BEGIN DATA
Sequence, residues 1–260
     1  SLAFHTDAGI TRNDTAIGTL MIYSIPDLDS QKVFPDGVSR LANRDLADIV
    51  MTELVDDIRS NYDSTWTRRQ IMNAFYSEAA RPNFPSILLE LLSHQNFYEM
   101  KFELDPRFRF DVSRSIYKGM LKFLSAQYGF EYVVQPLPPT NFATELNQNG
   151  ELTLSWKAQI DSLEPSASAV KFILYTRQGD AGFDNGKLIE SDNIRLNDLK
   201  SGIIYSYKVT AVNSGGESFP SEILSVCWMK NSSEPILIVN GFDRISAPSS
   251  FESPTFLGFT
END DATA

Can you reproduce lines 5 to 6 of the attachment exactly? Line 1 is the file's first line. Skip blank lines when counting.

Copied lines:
   151  ELTLSWKAQI DSLEPSASAV KFILYTRQGD AGFDNGKLIE SDNIRLNDLK
   201  SGIIYSYKVT AVNSGGESFP SEILSVCWMK NSSEPILIVN GFDRISAPSS